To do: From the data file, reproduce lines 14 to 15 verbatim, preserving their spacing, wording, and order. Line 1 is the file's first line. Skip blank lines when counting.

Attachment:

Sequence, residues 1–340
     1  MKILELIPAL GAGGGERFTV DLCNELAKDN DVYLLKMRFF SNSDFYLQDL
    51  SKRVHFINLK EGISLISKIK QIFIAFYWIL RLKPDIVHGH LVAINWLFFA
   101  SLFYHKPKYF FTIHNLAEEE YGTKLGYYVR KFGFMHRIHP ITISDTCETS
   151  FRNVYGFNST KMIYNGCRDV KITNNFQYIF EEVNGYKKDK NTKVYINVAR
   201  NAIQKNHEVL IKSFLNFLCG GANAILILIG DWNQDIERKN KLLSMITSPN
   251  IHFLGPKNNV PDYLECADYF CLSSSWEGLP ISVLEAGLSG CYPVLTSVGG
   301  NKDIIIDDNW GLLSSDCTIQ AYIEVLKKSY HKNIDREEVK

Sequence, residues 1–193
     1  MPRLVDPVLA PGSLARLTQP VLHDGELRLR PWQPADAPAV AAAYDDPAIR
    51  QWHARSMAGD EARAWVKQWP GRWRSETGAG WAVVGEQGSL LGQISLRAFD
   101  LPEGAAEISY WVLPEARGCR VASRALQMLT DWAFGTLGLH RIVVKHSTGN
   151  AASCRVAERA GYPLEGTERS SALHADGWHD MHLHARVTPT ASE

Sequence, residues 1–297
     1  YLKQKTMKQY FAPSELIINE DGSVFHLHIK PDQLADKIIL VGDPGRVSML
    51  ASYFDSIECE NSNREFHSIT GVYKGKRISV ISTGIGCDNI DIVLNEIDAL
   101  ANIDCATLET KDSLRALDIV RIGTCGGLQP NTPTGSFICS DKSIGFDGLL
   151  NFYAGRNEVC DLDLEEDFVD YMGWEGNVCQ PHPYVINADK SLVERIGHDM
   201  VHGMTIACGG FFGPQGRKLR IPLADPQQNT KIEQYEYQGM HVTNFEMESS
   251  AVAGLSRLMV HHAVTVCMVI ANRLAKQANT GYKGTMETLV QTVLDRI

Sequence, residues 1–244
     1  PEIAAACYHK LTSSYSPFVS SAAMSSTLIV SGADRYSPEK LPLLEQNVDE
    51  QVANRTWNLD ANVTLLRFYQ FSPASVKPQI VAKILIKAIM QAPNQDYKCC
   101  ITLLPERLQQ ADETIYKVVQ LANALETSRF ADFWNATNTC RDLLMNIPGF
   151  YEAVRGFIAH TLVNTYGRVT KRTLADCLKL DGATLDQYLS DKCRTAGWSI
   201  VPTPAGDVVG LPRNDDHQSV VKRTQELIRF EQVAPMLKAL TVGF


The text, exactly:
Sequence, residues 1–297
     1  YLKQKTMKQY FAPSELIINE DGSVFHLHIK PDQLADKIIL VGDPGRVSML